“Benzite society is therefore organised around the birthing chambers which themselves are organised into geostructures. Because each geostructure maintains its own chambers and therefore regulates the post-uterine development, Benzites from a single geostructure look alike. To non-Benzites, they will appear to have identical facial features, skin shade and so forth. We can tell the difference but only because we are so attuned to the nuances. So Benzites from one geostructure will have green-blue skin, for example; from another, pale blue. You will also find dusky blue, pale blue with silvery undertones and purplish-blue with tan streaks.”
As she mentioned each colour, examples came up on the students' monitors.
“Historically, the geostructures saw themselves as being in competition with each other, just as individual Benzites see themselves as being in competition with other Benzites – and everyone else for that matter. The best analogy would be that they were city states, each fighting to maintain their position and status against all others. Rarely however did it come to all out war except in two notorious cases.
“When it was discovered that Benzite bodies did not reject transplanted organs, geostructures attacked one another to harvest organs for their own transplant programs. The carnage only ended when a group of scientists altered the birthing chambers to force Benzite bodies to always reject transplants.
“In the other instance, two hundred years of mutual destruction followed us discovering ways to 'improve' Benzite physiology to breed super-warriors. Our saviour was a Benzite called Andragov. He formulated a doctrine of peaceful competition whereby each Benzite lists personal objectives then rates them self against it.
“As I said, we are highly competitive. Many of us hunger for commendations and find failure shameful. When working, we are very thorough to the extent that we do not divulge the result of the task until we are sure we have achieved the desired outcome. On Benzite vessels, a fundamental regulation states that no officer is to report an unexplained event until a full analysis has been made and a resolution found.”
The representation of the Benzar system came back up on the monitors.
“Benzar is a Class-M planet but it is unique in that its atmosphere is not the nitrogen/oxygen mix found on other Class-M planets. Its atmosphere is rich in chlorine which we exhale as carbon trichloride. It also contains essential mineral salts. As a result, Benzite blood is based on the heavy metals mercury and platinum. B'Enar, you mentioned what you took to be a breathing device. Your accounting is accurate. Resequencing techniques were recently developed which allow most Benzites to breathe what you would consider a normal atmosphere. It caused controversy but at the Federation Council our representatives argued that the Prime Directive outweighed the Council's stance against genetic engineering in that the Forebears left Benzite's genetically impaired and incomplete when they tampered with primitive Benzite genetic coding. We were granted the right to make a fundamental change to allow us to breathe without the use of those devices. All Benzite children have this change implemented in the birthing chambers. Adults were offered a one-off opportunity to have the resequencing performed. As you can see, I took up the option though not all Benzites did. You will still see breathing devices in use but they are not common.”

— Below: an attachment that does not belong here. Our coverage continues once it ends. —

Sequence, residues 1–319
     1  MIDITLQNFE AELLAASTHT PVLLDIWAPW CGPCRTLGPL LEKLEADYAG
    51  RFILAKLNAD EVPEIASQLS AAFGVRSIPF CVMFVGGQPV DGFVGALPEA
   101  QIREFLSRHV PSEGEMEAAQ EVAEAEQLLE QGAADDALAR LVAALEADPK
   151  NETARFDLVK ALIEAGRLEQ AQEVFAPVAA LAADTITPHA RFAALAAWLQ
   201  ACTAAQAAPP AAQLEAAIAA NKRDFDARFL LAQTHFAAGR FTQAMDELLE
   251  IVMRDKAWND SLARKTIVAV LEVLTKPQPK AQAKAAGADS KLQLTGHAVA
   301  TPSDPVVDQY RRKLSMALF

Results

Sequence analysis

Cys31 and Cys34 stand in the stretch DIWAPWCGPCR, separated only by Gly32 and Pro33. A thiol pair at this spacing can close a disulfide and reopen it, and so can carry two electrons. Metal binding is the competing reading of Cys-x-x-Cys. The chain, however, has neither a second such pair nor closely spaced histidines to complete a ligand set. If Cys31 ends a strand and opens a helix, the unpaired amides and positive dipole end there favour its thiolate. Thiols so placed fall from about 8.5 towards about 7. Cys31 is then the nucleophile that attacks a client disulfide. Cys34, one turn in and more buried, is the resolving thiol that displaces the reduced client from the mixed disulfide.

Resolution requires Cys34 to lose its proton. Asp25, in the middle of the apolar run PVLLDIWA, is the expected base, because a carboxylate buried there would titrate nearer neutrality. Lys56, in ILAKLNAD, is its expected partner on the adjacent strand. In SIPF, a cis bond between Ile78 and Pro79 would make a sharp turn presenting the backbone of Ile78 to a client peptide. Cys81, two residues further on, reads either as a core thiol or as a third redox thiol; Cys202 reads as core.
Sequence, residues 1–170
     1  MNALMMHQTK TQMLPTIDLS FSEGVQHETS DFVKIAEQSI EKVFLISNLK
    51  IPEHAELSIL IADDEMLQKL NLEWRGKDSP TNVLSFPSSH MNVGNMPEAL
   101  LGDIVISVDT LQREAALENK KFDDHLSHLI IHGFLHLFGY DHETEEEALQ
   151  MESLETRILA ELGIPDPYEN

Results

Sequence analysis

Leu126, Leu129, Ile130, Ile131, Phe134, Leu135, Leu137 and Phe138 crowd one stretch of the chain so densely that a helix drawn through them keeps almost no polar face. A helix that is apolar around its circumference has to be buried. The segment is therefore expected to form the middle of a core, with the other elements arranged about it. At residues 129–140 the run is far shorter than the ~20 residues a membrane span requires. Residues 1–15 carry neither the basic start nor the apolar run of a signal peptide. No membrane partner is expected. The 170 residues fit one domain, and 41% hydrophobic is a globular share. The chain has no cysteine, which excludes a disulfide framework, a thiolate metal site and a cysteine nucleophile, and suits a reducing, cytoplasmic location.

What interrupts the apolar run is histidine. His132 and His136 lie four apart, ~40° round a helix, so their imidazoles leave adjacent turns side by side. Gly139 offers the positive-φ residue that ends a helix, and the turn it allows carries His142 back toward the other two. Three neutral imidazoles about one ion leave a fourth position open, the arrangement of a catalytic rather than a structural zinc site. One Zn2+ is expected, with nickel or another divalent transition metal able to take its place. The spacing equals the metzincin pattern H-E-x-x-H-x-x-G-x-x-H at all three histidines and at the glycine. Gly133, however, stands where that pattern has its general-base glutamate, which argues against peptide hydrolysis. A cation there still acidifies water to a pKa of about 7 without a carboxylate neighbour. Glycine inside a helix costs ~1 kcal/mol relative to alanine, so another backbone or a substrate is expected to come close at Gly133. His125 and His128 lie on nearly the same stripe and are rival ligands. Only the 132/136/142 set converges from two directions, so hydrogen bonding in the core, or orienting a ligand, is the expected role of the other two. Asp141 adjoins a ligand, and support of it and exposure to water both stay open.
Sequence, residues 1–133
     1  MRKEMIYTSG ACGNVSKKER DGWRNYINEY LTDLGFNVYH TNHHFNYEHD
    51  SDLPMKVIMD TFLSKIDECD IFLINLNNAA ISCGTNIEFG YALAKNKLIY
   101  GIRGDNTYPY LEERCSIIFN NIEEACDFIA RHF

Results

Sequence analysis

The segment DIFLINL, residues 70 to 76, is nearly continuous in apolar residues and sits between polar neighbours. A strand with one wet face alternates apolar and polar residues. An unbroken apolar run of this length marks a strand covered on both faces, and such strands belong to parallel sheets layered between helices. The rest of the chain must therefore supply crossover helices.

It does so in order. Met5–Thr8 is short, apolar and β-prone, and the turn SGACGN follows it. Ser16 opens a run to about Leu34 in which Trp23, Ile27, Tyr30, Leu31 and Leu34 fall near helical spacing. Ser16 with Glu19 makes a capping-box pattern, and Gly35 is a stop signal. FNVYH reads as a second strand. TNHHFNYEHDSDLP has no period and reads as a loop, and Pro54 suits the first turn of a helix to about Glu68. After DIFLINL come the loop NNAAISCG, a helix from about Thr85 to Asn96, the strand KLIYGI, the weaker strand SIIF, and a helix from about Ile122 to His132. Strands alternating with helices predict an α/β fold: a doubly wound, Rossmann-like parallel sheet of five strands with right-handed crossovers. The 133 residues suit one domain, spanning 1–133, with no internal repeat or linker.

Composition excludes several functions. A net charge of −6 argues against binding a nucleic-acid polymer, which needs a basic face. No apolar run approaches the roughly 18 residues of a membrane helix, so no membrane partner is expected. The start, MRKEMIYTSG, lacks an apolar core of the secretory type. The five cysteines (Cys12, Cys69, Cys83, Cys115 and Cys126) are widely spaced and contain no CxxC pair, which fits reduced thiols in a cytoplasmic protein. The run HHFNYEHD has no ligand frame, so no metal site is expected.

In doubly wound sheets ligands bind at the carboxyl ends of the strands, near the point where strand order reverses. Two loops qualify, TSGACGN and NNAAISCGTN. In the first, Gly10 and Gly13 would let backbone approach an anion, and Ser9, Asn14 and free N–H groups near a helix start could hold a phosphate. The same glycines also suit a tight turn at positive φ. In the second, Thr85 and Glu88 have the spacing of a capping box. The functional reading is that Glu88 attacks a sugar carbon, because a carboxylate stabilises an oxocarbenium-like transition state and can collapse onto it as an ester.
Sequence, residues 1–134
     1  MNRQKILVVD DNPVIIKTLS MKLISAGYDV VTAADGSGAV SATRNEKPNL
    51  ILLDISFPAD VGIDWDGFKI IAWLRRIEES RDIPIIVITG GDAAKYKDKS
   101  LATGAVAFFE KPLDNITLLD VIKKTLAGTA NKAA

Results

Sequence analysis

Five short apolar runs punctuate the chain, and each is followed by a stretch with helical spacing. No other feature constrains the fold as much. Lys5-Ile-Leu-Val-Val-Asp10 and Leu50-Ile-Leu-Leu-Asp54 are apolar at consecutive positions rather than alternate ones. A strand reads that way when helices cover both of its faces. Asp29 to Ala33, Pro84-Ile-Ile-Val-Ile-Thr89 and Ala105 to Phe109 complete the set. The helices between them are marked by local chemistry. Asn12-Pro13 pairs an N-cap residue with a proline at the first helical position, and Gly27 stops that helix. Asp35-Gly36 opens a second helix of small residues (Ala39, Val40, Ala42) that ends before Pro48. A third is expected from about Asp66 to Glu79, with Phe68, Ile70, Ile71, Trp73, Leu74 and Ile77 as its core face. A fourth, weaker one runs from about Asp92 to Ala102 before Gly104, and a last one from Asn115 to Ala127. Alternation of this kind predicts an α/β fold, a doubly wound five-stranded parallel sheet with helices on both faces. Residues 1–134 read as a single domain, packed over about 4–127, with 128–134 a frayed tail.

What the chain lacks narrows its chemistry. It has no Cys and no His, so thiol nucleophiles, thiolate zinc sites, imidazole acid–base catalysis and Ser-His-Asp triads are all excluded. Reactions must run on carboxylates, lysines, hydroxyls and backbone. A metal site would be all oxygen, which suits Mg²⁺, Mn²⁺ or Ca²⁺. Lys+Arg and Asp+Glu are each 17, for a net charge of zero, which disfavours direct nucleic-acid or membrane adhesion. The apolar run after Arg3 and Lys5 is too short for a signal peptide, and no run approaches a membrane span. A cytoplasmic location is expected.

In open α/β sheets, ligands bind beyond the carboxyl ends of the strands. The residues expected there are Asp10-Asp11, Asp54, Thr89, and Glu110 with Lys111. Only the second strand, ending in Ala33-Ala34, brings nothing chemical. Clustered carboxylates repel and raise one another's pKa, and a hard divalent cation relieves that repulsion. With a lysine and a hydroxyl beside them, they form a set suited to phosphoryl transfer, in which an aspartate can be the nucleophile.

She glanced at her watch. “That will be enough from me for now. Any questions?”
“Ms. Lovi.”
“Your name?”
“Chelad, Ms. Lovi.”
“You're full name if you please, Chelad.”
“Cheladarantha ch'Telonkar, Ms. Lovi.”
“Thank you. Now, your question.”
“You told B'Enar that her accounting is accurate. What did you mean by that?”
“That her assessment was correct. She observed, she she applied logic and reason and came to a conclusion to account for the observation. She was accurate in that accounting.”
“I see.”
“Anyone else?”
“Giacinta del Aranto, Ms Lovi.”
“Andragov? Was he like Surak of Vulcan?”
“That is a good analogy. However, Surak changed Vulcan society in a fundamental way with his philosophy of pure reason and the suppression of emotion. Andragov, on the other hand, took what was inherent in Benzites and turned it into a new channel.”
“Time for one last question.” She saw a hand being held up. “And you would be?”
“Marin Hija, Ms. Lovi.”
“You're Bajoran?”
“I am.”
“In that case, Hija, what would you like to ask?”
“Ms. Lovi, what religion do you believe in.”
A fair enough question coming from a Bajoran. That didn't make it any easier to answer. “Benzites consider religious beliefs an entirely private matter – not one to be discussed with anyone. This therefore will be your homework. I mentioned the Forebears. For this lesson next week you will have prepared a dissertation on the Forebears, evidence for their existence and their role in the development of Benzites as a species. Length will be five hundred words. I will select three students at random to present their essay to the class. Any questions?”
The class was silent – shocked into it in Lovi's estimation. Good. A little hard work won't do them any harm. By the end of the year they'll think five hundred words a doddle. There's potential here if I'm any judge and I intend to see that potential realised.


Previous Next